Sunday, October 26, 2014

London - Oxford - London - Pretoria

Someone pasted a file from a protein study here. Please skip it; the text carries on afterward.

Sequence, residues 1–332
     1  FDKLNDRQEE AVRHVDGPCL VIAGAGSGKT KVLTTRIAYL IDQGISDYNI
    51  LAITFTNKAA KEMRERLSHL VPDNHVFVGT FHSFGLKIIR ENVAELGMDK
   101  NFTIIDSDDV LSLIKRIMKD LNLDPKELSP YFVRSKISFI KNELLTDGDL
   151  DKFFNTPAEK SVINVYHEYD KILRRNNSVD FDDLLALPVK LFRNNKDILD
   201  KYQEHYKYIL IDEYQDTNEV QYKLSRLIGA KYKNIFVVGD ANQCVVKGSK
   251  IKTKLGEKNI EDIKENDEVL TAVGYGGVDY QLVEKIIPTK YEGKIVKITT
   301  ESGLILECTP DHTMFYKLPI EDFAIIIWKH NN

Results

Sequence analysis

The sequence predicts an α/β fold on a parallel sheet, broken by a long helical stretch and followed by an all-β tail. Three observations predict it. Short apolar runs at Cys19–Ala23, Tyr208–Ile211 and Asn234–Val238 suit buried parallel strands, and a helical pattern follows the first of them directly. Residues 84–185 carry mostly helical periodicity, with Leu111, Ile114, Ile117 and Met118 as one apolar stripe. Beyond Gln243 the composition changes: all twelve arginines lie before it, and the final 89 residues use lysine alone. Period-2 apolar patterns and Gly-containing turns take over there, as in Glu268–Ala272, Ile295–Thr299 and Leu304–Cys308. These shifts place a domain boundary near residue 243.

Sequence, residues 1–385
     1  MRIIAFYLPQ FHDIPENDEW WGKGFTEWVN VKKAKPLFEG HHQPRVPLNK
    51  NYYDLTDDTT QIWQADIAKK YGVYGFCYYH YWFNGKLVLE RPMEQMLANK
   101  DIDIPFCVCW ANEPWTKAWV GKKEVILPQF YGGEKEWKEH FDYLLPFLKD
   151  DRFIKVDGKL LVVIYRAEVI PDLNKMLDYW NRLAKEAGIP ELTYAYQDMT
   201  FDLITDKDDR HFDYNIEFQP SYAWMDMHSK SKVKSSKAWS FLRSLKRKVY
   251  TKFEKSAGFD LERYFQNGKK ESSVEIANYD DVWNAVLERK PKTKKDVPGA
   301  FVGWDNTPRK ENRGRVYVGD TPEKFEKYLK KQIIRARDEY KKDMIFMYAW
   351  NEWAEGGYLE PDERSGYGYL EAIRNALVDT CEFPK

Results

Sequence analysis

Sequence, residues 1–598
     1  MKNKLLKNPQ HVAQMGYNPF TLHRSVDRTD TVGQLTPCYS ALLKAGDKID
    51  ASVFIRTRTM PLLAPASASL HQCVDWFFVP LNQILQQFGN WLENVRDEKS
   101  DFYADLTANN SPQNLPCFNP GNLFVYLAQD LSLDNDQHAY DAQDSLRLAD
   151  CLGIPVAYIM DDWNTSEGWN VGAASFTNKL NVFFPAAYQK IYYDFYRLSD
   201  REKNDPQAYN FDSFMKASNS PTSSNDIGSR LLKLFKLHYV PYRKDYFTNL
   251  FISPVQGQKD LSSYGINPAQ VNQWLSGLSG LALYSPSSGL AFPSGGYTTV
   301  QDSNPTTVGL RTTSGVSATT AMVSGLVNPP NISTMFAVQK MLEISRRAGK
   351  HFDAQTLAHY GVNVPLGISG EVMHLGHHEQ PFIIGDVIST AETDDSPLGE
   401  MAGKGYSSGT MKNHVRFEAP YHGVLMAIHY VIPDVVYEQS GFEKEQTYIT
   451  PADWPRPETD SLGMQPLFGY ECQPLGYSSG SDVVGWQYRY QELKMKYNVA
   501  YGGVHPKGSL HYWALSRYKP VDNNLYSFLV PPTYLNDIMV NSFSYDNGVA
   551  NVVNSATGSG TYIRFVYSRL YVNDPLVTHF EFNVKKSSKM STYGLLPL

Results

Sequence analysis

October 26, 2014 Peace and Good, Last week I spent some time visiting our new house of studies in Oxford, England. The friars are renting a large mother house of a group of Anglican Sisters. It is an old, castle like building. The friars there are living a simple life, filled with a rich prayer life. They study with the Dominican friars not too far away. Many of their courses are in the British style of education where they are more tutorials than classes as we have them. There is a good number of vocations, and they exude a very positive spirit. Diocesan priests and sisters have been suggesting vocations to visit us because they have experienced the good spirit of the community. From Oxford, I took a train down to London (it is only an hour away). I got to visit my favorite book store in the world: Foyles. You can think of the most obscure topic in the world, and there will be at least five books on that topic. It is not that I buy the books, though, but rather I get titles for books that I later will buy on the Kindle. I also stopped at my favorite Chinese restaurant in London. It is not much more than a hole in the wall, but the majority of people who eat there are of East Asian origin, and that is always a good sign for a Chinese restaurant. I got my tripe with noodles. It is difficult to find tripe on a menu anywhere, so I enjoy this as an out of the ordinary treat. On Monday evening I flew down to South Africa with another friar from the States, Michael Lasky. We were going to a conference of peace activists organized by the Capuchin Franciscan Friars. They have developed what they call the Damietta Peace Initiative. This movement organizes discussion groups of people throughout Africa of different backgrounds, e.g. Christian and Muslim, of different tribes, etc. The first step is for them to develop a spirit of trust among themselves. They discern what their common values are, and then they talk about their differences. These groups are organized in areas where there is a real danger of an outbreak of violence. This continent, even beyond the Ebola disaster, faces constant violence due to ethnic, religious and economic factors. This has been a very good week of listening and learning. I hope to be able to share some ideas first with the General Definitory in Rome and then with friars throughout the world in my various visits. Tomorrow I will head back to London and then on to the States. My latest reading includes: The One-Penny Black: The Adventures of Ellery Queen This is a short story about the theft of a very valuable penny stamp from the days of Queen Victoria. The two owners, stamp traders, have been robbed, and the thief ran into a book store where he seems to have hidden his catch in a particular book. The next day, those who bought that book are being attacked and robbed, but only of their copy of that particular book. Ellery Queen is able to sort out the mystery with a surprise ending. Pope Francis, Pastor of Mercy by Michael Ruszala This is a short biography of Pope Francis. I read it because my publisher, Catholic Book, has asked me to write a children’s book on this beloved pope. This book was free, and yet it has an enormous amount of good information in a very short format. I was glad that I stumbled upon it as I looked for more information about the pope. The Pope’s Last Crusade: How an American Jesuit Helped Pope Pius XI’s Campaign to Stop Hitler This is a really interesting book about how Pope Pius XI called upon an American Jesuit to help him to write an encyclical against anti-Semitism in the late 1930’s. The Jesuit was Fr. John LaFarge. He had worked with many blacks in southern Maryland and had witnessed the prejudice and violence often visited upon them. He had written a book to fight those tendencies, especially in the Catholic Church. When the Holy Father read this book, he asked Fr. John to write an encyclical in secret against the racist policies of the Nazi government in Germany and the Fascist government in Italy. There were many Church officials who did not want to see this type of challenge, afraid that it would only make things worse. One of them, the Jesuit General, conspired to hide the completed document from the pope who died a short time later. Pope Pius XII, Pius XI’s successor, agreed with the more cautious churchmen and refused to openly condemn Hitler and Mussolini, although he secretly assisted in hiding and saving thousands of Jewish people. Yet, one has to wonder what would have happened if the encyclical against racism had ever been published. 18 ½ Minutes: Nixon’s Darkest Secrets Revealed by Ronald Meyer The title of the book comes from the 18 ½ minute gap in the Nixon tapes. The proposal is that a group of Neocons (neo-conservatives) who have secretly been running the world’s economy wanted that portion erased because it contained information that would be deadly to their plot if released. It has to do with the genius inventor Nicolas Tesla who supposedly found a way to harness the electrical energy of the world’s atmosphere to produce free electricity. The book starts out well, but gets a bit into psychological themes and drags on after a while. Hope you have a good week. Happy Haloween! Shalom fr. Jude